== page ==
Negative reviews and ratings are the single factor most likely to spur UK shoppers to abandon their online baskets, a study has found.
Newly-published research from customer service technology company eGain found that 30% of British online buyers would abandon their purchases because they’d seen negative reviews or ratings. Unclear or confusing expectations of service were the most offputting factor cited across Europe, with 26% of respondents to the pan-European study citing this factor, and 21% citing over-long payment and sign-up processes.
Factors that encouraged them to complete their purchases included a good website FAQ (38%) and a fast response to an email (41%). Social recommendations and a telephone call with the business were cited by 22% and 24% respectively as ‘influential’ or ‘very influential’.
The eGain 2012 cross-industry benchmark report for multichannel customer experience surveyed 3,000 consumers across Europe. It was commissioned by eGain Comunications Corporation and carried out by Vision Critical. The study covered the internet retailing industry as well as manufacturing, travel and leisure, telecoms, utilities, and finance.
Compared to the other industries, consumers rated internet retailing most highly. Retailers as a group scored five out of five. The industry was rated excellent by 21% for the first interaction, by 16% for their follow-up approach, and 19% for their success in ‘meeting expectations and engendering loyalty.’
Andrew Mennie, general manager, eGain EMEA, said: “The power of consumer opinion, expressed via social media, is now too significant to ignore. Not only are social reviews highly influential at the start of the customer experience, but social channels are also an increasingly important part of the customer interaction mix as that journey progresses.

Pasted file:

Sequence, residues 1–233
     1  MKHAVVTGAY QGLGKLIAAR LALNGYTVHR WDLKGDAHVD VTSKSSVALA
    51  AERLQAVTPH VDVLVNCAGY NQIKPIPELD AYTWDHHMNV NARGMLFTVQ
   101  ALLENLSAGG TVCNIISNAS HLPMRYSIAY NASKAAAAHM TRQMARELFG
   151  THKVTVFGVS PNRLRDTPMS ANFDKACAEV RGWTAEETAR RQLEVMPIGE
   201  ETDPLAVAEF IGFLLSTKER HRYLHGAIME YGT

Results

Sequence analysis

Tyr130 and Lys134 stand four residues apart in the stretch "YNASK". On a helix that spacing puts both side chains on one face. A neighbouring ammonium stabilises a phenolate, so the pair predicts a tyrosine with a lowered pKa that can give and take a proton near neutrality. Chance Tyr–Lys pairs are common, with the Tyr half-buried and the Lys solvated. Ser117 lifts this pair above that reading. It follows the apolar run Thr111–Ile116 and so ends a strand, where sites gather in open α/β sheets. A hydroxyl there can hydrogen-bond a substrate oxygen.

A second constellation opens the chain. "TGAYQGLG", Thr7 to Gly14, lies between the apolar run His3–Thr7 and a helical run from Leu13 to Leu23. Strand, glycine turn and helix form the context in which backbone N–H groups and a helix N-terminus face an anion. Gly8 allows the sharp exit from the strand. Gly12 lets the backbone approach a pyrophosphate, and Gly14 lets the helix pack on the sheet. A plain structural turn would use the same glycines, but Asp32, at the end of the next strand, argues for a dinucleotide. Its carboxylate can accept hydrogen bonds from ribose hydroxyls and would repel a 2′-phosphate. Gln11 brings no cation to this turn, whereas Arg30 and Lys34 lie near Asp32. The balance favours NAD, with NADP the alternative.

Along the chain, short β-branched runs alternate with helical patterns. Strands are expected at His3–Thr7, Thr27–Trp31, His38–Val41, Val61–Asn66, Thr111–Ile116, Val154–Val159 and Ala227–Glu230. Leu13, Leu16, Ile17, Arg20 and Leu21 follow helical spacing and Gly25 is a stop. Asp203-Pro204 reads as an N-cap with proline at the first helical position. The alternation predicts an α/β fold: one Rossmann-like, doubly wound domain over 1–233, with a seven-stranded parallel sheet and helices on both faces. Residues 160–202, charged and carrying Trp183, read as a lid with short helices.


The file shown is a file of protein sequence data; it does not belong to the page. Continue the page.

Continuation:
“Add to this consumers’ tendency to channel-hop and a unified approach to multichannel service becomes key to providing the consistent and content-aware experiences that today’s consumers demand.”
The study also found that email (48%) and phone (32%) were the most preferred channels for making a complaint. Some 17% would use web chat or social media. When asked to add a second channel to their complaint, 13% chose social media.
Respondents were also asked what channels were best for sending them a sales offer that they would consider. Some 61% would consider a promotional email offer for a complementary product, and 59% a loyalty reward offer sent via email. When it came to renewing contracts, one in five would consider a telephone offer, and one in two an emailed offer.
Consumers also disagreed strongly with the statement: ‘When I pay a bargain price for a product or service I’m willing to accept a lower level of customer support.’ But 50% expect a higher level of support when they are loyal or pay a premium for service.
Mennie said: “Today’s consumers are highly sophisticated and demand universally high service across interaction channels and customer lifecycle. However, when expanding or extending a relationship customer experience becomes even more influential.
“The survey shows that consumers are increasingly taking a ‘something for something’ approach with service expectations; expecting premium pricing and customer loyalty to warrant enhanced levels of customer service. Any winning business strategy should therefore include service as an important element.”
To download the eGain report, go to http://comms.egain.net/egain-survey.